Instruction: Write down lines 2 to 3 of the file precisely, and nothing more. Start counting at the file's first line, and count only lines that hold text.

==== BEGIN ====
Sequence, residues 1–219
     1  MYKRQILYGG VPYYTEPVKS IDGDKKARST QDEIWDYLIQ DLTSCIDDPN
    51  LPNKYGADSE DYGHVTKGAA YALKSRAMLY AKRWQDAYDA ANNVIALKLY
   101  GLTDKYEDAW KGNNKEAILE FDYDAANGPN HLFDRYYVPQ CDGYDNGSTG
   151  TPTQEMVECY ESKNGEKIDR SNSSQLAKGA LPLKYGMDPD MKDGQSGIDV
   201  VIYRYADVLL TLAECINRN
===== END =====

     1  MYKRQILYGG VPYYTEPVKS IDGDKKARST QDEIWDYLIQ DLTSCIDDPN
    51  LPNKYGADSE DYGHVTKGAA YALKSRAMLY AKRWQDAYDA ANNVIALKLY